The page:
Other areas of importance are the gatherings before and after services.  Often there will be on Shabbat evening an Oneg Shabbat either before or after the Friday night service.  Oneg means joy.  This is a time to gather to socialize and visit and build holy relationships with each other.  On Saturday morning after services this is called a Kiddish or kiddish luncheon.  Sometimes after the daily morning minyan there is also a light nosh before people go on their way.  At any of these gatherings even if you don’t know someone else there it is always appropriate to introduce yourself. Synagogues want to know you.  And if you are a regular at temple-then you have an especial obligation to welcome newcomers. Don’t just hang out with  your own friends. One of the biggest criticisms of synagogue life that I hear as a rabbi is that I went to such and such temple and  no one bothered to talk to me.  I don’t think anyone does this on purpose. But it is important to be mindful that there are always visitors and synagogue members even if not a board member or a chair person should warmly embrace those who are not a regular part of the community.  Who knows they may be checking your temple out!

Every synagogue is different when it comes to saying the Mourner’s Kaddish. In some congregations everyone stands to say the Kaddish prayer. In others only those in the period of mourning or observing a yarzeit stand.  In others they begin with the those in mourning and those observing a yarzeit and then ask everyone to stand in support. In some communities there will be an opportunity to say the name of your loved one that you are remembering aloud.  In other congregations it is appropriate to call ahead if you want to ensure that your loved ones name is said aloud and they don’t have a yarzeit (memorial) plaque at that synagogue.  But it is appropriate if you ask for a name to be read aloud for Kaddish and you are a visitor or they don’t have a memorial plaque to make a donation to the congregation. You can sponsor the bima flowers, sponsor the oneg in your loved one’s memory or give to one of the many funds of the congregation.  This is a free will offering for the synagogue.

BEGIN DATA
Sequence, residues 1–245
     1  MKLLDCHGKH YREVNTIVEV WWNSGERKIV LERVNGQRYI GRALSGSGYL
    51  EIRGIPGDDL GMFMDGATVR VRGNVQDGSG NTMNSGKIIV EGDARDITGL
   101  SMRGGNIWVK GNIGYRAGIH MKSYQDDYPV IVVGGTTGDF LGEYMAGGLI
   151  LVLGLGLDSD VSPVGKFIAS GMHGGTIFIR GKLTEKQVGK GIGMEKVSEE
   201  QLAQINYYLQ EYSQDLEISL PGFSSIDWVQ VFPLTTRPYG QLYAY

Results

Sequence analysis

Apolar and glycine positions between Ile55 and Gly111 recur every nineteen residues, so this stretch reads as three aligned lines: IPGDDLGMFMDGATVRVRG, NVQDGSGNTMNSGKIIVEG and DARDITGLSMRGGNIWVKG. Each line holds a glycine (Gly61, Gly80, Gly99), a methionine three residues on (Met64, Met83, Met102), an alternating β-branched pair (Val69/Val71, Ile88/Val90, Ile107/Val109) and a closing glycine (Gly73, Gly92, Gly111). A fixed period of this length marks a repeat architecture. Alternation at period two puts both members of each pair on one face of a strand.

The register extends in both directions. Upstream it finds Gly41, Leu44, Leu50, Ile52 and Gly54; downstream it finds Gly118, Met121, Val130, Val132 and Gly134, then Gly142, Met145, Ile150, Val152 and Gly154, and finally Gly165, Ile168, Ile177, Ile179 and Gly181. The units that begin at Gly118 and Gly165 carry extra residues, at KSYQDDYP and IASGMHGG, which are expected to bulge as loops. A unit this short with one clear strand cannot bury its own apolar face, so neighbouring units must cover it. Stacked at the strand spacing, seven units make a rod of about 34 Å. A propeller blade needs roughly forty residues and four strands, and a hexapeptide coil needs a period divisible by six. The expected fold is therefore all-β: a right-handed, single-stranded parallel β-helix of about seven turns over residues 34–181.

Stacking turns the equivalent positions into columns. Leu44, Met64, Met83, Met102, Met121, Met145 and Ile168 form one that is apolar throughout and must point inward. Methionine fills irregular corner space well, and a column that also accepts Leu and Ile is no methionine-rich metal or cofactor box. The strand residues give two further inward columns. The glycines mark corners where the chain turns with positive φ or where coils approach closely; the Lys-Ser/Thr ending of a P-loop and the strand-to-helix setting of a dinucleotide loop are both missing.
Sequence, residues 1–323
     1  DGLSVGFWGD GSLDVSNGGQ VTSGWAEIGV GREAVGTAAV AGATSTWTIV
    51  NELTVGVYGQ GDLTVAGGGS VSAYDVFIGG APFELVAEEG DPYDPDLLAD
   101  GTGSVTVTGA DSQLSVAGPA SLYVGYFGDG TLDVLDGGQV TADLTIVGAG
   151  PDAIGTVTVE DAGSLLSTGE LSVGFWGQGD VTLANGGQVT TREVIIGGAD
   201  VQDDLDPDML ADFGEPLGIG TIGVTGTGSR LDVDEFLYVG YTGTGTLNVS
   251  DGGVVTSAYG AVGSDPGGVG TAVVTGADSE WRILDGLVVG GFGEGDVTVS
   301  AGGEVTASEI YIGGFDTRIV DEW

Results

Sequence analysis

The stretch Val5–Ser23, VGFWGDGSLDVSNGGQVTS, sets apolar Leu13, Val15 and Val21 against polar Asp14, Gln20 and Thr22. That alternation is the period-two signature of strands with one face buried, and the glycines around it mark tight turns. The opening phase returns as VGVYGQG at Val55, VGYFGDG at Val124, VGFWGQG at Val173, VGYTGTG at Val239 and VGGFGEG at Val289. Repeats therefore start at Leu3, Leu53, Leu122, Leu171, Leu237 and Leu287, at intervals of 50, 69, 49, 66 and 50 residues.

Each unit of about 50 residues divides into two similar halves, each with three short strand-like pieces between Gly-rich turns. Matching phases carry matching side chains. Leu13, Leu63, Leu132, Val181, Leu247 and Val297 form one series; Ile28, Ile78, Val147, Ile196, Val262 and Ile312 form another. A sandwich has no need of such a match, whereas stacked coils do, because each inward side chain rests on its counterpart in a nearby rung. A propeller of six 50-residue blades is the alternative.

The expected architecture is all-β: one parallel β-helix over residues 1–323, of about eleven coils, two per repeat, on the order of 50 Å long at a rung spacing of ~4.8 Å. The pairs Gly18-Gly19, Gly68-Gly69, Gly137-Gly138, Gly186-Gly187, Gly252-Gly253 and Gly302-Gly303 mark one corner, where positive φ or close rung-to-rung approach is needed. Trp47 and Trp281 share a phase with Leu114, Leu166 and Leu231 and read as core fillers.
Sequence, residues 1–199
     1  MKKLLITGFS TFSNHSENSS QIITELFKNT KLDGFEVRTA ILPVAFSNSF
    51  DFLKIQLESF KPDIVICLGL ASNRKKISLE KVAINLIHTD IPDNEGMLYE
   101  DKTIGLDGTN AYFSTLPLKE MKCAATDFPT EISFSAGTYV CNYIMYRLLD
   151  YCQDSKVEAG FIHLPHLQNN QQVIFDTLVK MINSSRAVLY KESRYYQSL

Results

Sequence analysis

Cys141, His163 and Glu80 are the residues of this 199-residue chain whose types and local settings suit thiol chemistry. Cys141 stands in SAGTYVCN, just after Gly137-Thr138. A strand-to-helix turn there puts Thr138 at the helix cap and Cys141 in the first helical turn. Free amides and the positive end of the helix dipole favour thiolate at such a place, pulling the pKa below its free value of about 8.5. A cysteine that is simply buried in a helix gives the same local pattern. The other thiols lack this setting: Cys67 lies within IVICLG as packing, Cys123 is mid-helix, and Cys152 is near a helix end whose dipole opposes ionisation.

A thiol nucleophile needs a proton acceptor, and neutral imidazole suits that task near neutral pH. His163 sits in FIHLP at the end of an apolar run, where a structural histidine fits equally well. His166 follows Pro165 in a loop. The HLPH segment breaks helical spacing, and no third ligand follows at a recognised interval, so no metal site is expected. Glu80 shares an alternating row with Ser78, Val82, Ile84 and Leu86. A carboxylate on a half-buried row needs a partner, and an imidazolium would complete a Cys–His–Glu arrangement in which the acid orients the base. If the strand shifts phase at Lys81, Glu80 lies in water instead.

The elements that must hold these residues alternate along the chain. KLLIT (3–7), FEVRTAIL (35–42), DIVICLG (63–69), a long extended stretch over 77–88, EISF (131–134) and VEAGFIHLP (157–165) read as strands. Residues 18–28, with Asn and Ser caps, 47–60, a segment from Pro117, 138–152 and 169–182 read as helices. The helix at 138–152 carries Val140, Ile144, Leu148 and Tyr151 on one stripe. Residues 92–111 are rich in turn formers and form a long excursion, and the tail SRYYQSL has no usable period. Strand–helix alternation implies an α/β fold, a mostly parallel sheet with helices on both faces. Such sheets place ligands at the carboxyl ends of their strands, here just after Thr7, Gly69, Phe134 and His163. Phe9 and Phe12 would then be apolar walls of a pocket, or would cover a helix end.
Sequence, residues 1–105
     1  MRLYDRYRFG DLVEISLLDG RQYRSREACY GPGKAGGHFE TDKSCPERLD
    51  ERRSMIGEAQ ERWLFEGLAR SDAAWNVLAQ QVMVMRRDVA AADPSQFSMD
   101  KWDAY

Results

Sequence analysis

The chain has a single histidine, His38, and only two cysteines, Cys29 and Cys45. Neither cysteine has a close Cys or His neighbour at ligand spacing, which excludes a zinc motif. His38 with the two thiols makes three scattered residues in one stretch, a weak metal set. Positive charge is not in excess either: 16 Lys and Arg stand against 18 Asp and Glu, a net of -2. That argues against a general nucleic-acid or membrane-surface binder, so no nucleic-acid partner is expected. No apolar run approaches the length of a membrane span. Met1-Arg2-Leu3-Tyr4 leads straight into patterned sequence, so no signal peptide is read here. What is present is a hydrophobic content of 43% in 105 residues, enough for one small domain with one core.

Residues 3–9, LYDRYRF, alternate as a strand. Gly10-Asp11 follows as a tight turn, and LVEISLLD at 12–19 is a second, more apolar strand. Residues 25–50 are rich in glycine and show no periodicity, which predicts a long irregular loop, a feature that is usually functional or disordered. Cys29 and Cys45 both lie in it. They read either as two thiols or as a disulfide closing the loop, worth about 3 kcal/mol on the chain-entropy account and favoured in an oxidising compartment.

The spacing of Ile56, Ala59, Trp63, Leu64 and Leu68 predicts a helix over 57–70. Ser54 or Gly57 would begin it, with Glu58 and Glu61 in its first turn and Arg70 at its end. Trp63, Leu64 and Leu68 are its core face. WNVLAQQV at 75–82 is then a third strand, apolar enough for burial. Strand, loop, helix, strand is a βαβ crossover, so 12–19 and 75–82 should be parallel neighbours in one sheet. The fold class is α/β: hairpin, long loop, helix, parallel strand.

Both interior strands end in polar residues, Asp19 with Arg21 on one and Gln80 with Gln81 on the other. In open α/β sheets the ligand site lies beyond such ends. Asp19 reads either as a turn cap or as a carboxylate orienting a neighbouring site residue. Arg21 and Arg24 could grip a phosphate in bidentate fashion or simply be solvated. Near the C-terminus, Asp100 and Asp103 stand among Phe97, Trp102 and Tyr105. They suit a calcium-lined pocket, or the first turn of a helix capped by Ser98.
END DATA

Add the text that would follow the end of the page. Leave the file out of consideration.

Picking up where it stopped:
Synagogues vary in custom and culture and vary from place to place.  North America is different than Australia or Germany.  If you aren’t sure the best advice is to ask. Ask the rabbi about or a lay leader if you are unsure about what to do.  It is not a sign of weakness or ignorance.  When we ask about the customs we are learning and showing respect for the community.  So don’t be shy.  After all, in Judaism we love questions! Don’t we?


Synagogue Etiquette

If you belong to synagogue or if you don’t there are so many unwritten rules of the road. I thought I would take a moment to help you navigate being part of a synagogue community. Synagogues or Jewish temples are sometimes referred to by the Yiddish term–Shul which in the German means School.  And every synagogue, temple or shul is unique.  Ok, they share some things in common.  The have some kind of holy ark-where a Torah scroll or scrolls is kept.  They likely have prayer books known also as a siddur (unless it is for the High Holy Days then it is called a machzor).  Most temples or synagogues have classrooms for learning for adults and children. Some will have special programs for early childhood or nursery school but not all. Many congregations will have a rabbi.  Some both a rabbi and a cantor. Large congregation will have multiple rabbis and cantors. But there are some communities that can’t support even one clergy person. And that is one of the things that makes Judaism unique.  Lay people can lead worship and teach. Unlike the Catholic Church where only priests can perform the sacraments. There is nothing in Judaism that a non-ordained Jew cannot do!